I have had a website off and on for over twenty years. I love the concept and hate the maintenance of it. I was one of the very early bloggers, sharing my life, political views, my family and more online and at one point, had a big following though my biggest fan was always my sweet Aunt Nina. So many of those friends and family members are no longer with us, and the world is a heavier place - Aunt Nina shares a birthday with Debbie, which is coming up in about ten days...
I was showing Debbie my new blog-oriented site and she, of course, was supportive. I asked her what we should include or post about regularly and she said, "the things you love and are passionate about!"
"What else?" I asked.
"I think you should have an area on the site or a regular post that let's others get to know you where you answer questions," then she moved on to something else.
I'll give it a whirl. The first question I'll answer is, "Who are my heroes and why?"
When I was growing up my heroes were predominantly sports-related, like with a lot of young boys. Johnny Bench of the Cincinnati Reds, tennis player Bjorn Borg, etc. The first person who I realized that I actually knew that was hero-worthy was my Uncle, Charles Buell. Uncle Charlie was the oldest of the Buell kids and was someone who thought of others above self, had am amazing, charismatic smile and glimmer in his eye, was quick to make time for others and seemingly always did the right thing - he was just positively orientated in that direction. His void in the family is often felt. Some cousins and I try to jump in and fill that void, sometimes successfully, sometimes not but as time marches forward, his footsteps are not easily filled on this earth. I treasure all of my personal and private interactions with my Uncle Charlie and often times I stop and ask myself what would Uncle Charlie do in this or that setting.
If you get a chance, take a walk on the Charles L. Buell Trail and send many positive thoughts to the greatest man I personally have ever known...
I have other heroes and ultimately I may write more about them but off the top of my head and by way of introduction, they include but are not exclusive to:
There are so many more that you will hear about over time but for now, that's a bit more about getting to know me better and some of my heroes...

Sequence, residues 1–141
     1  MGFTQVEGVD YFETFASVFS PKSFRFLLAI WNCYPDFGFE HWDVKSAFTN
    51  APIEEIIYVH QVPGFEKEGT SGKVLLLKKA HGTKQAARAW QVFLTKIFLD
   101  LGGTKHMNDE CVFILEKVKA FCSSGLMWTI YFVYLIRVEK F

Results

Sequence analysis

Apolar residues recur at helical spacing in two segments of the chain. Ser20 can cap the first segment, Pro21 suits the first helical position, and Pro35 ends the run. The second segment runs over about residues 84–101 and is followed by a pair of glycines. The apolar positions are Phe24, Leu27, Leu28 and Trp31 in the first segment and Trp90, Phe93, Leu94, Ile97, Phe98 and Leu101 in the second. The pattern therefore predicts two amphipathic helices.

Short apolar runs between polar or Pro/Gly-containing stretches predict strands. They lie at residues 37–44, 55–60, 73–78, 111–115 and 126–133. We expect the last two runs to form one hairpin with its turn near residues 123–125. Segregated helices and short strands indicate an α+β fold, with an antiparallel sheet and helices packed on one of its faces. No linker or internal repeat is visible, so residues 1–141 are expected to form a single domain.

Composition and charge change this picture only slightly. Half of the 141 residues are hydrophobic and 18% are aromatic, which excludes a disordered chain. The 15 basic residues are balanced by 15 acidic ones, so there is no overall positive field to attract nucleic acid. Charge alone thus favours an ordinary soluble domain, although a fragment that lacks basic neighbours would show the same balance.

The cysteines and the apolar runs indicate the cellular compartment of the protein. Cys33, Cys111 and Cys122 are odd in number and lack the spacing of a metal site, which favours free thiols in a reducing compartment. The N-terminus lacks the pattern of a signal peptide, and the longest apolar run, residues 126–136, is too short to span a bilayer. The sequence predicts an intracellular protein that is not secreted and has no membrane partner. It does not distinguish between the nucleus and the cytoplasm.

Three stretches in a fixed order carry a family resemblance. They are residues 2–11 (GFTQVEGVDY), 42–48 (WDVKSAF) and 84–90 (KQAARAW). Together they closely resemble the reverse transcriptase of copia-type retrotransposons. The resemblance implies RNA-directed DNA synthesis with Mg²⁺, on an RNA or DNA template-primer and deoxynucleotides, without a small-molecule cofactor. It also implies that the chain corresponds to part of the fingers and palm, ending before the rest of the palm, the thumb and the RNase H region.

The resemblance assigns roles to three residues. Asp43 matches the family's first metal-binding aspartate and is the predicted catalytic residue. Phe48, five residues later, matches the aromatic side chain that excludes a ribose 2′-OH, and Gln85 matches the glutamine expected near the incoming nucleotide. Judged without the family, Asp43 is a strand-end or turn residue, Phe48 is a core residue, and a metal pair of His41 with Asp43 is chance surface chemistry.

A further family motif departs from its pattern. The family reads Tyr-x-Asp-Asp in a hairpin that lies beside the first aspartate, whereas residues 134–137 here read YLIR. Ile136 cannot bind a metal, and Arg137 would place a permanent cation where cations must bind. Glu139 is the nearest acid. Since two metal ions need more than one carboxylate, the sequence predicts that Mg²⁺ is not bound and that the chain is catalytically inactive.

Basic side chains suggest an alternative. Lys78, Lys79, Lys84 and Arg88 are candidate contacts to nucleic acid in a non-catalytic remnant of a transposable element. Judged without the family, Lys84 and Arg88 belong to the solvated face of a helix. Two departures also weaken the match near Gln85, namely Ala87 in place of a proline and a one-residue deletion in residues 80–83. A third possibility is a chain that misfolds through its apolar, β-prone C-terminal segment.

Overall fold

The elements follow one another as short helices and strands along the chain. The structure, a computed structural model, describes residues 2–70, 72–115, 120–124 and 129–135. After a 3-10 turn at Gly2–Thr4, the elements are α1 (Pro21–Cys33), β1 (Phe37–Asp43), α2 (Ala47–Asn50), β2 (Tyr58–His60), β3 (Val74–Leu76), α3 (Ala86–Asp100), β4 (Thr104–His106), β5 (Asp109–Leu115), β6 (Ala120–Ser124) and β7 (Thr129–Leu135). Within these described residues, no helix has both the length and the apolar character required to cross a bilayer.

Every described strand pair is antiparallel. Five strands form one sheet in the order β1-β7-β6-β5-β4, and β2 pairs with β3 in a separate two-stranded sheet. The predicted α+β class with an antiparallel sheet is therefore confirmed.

An 85 year old hometown friend of mine, a lady who I admire so much, lost her 59 year old daughter recently. I think about her often, sorting out the rhymes and reasons - I've got nothing to add to that, no unique insight, only sadness and a little despair. I suppose we are lulled into thinking that life is fair, that it all makes sense or someday will but I'm not sure if that is the case. My heart goes out to Pat, she's a real inspiration. I'm sorry for her losses but happy for her life and the influence she has had on so many, me included. If my children ever read this, I would tell them to live every day like it is your last, say what you mean, forgive and live in the moment, don't keep score, smile, hug those you love and try your best to make it count - somedays it will work out and somedays it won't and then just as quickly as a spring rainstorm, it will disappear - leave the world drenched in your love...
Flynn was having a sleepover and I wanted no part of that so I gathered up my buddy, Buffalo Kaplinski and we headed up to Rocky Mountain National Park. Buffalo hadn’t been up that way for a number of years and he would return a few weeks later and paint an amazing watercolor (http://www.buffalowatercolors.com/images/halletspeak.jpg) of Hallett Peak under a sky of much nicer weather. I’m super zoomed in here, probably at 400mm plus a 1.4x Teleconverter for a total reach of 560mm. I used the Sony 100-400 lens and shot this one at f/8
Late in the mid-November afternoon, the sky and landscape before me took on a hue of pastel-colored blues and mauves, streak-lit by the fierce, setting sun. Castlewood Canyon State Park is the second closest state park to our home and is about half way between our house and our good friend Buffalo Kaplinski's house. I saw a high-flying flock of snow geese that initially looked like glimmers from a plane's wings but I was able to identify the birds at 200mm on my zoom lens. There were a lot more people at the park than what I typically see; folks tired of being stuck indoors with the COVID-19 pandemic - I never cease to be surprised with how closely people are willing to get with strangers and how many do not wear masks in spite of the reality that 1/49 people in this state are carrying the virus. I tend to stay away from this park in the spring and summer, missing the migrating turkey vultures but also missing the plentiful rattlesnake that are known to frequent the trails at Castlewood Canyon. I want to hike all of the trails this winter, becoming more intimate with them than I am today - we will see if that comes to fruition or not as the winter season moves forward.
Castlewood Canyon State Park is a Colorado state park near Franktown, Colorado. The park retains a unique part of Colorado's history, the remains of Castlewood Canyon Dam. Visitors can still see the remnants and damage from that dam which burst in 1933. The event sent a 15-foot (5 m) wave of water all the way to downtown Denver resulting in a flood. Also contained within the park is the historic Cherry Creek Bridge.